The testimonials were glowing: Pastor John Carlson prayed for them and God delivered on his prayers. A healthy baby. A negative HIV test. A winning lottery ticket. The senior pastor at the Christian Prayer Center (CPC) saved homes from foreclosure and put cancer into remission. Except, of course, he didn’t. The online prayer service was a fake, the creation of a Seattle businessman who was shut down this week by the Washington state attorney general’s office after bilking 125,000 people across the country out of more than $7m.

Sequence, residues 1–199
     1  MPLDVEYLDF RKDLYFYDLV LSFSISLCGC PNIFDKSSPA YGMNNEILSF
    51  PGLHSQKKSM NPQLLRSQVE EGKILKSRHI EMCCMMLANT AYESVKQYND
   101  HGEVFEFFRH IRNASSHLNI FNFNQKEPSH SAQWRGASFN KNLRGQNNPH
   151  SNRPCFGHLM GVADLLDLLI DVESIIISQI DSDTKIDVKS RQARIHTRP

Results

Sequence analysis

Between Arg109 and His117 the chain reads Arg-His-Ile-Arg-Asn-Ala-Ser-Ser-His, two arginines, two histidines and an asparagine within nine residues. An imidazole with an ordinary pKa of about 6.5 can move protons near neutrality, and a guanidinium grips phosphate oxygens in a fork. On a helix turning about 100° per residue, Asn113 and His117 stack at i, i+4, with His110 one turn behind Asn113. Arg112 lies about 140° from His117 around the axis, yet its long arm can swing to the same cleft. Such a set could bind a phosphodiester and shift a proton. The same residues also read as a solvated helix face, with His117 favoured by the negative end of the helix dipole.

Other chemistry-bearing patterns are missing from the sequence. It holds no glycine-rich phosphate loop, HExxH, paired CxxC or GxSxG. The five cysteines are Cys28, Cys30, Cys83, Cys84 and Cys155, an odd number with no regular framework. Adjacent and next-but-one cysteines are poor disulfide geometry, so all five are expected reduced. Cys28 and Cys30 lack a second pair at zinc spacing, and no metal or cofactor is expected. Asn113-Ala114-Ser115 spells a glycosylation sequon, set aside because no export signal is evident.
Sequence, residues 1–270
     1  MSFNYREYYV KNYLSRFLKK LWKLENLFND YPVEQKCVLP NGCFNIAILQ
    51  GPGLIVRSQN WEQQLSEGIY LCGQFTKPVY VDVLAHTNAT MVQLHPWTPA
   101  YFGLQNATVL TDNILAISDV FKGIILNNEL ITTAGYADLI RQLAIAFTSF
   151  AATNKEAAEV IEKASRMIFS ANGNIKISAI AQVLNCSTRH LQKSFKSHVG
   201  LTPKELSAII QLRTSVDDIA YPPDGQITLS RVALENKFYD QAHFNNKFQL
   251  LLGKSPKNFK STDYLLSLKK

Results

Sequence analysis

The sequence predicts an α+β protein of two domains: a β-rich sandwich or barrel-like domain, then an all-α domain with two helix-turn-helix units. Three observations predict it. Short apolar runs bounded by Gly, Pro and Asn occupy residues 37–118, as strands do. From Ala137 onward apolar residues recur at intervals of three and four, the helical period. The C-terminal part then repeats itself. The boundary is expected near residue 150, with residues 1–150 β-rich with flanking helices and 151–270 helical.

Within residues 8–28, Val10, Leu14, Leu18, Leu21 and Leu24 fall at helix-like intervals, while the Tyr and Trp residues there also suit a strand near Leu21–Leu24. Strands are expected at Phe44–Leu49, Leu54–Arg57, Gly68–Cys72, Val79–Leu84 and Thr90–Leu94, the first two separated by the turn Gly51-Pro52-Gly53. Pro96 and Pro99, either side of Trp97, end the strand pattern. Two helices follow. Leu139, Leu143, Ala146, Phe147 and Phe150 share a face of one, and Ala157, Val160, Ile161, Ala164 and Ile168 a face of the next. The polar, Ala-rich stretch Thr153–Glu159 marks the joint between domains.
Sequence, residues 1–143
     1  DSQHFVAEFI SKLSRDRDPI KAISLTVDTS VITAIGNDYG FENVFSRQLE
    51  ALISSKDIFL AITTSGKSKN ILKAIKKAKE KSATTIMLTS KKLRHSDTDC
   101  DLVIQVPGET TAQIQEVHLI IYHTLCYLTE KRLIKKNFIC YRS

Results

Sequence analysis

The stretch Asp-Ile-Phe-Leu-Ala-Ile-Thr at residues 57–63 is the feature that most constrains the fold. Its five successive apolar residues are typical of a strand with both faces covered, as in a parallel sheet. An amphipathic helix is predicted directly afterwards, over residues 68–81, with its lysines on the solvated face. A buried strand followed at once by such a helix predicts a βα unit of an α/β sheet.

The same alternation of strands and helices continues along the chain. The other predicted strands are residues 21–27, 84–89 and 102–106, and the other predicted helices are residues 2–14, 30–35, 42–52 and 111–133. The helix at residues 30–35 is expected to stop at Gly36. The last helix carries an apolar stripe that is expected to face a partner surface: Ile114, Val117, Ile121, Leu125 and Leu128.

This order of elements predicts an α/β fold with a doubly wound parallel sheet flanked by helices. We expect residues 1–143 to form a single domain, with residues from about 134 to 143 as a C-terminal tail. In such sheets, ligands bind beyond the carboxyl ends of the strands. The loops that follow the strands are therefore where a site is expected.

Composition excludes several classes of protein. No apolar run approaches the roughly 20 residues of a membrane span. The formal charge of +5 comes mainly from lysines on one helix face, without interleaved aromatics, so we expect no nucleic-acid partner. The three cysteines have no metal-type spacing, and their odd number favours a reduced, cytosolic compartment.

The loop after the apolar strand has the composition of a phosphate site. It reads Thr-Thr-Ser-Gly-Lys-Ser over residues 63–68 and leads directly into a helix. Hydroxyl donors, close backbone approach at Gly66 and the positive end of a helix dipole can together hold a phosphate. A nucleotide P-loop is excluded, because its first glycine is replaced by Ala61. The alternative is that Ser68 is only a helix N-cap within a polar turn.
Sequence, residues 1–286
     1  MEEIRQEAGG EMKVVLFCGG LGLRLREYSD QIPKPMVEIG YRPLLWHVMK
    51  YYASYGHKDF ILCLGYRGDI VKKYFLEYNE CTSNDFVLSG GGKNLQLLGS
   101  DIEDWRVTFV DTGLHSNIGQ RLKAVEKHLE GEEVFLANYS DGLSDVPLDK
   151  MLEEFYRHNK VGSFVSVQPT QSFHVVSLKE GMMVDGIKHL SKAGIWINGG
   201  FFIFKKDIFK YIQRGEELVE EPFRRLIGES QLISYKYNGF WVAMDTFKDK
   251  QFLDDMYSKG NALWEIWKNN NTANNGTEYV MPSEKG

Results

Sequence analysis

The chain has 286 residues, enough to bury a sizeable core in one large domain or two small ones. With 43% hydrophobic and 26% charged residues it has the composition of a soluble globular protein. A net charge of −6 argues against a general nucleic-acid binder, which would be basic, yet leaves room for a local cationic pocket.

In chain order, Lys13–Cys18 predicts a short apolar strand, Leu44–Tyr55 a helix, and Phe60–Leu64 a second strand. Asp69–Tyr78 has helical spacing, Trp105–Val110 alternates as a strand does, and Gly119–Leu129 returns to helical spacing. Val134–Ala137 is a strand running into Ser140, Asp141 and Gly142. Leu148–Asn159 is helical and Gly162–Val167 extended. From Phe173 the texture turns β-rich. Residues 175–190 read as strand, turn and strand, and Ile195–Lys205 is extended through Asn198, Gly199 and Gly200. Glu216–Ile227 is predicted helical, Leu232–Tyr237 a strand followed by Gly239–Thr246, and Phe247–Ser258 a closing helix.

Benjamin Rogovy was ordered to stop what the attorney general, Bob Ferguson, called “unfair and deceptive business practices” and repay the money he took from unwitting customers along with attorney costs, court fees and $1m in civil penalties if he does not comply with the order. “I believe in the power of prayer,” Ferguson said in a statement. “What I do not believe in and what I will not tolerate is unlawful businesses that prey upon people – taking advantage of their faith or their need for help – in order to make a quick buck.” READ MORE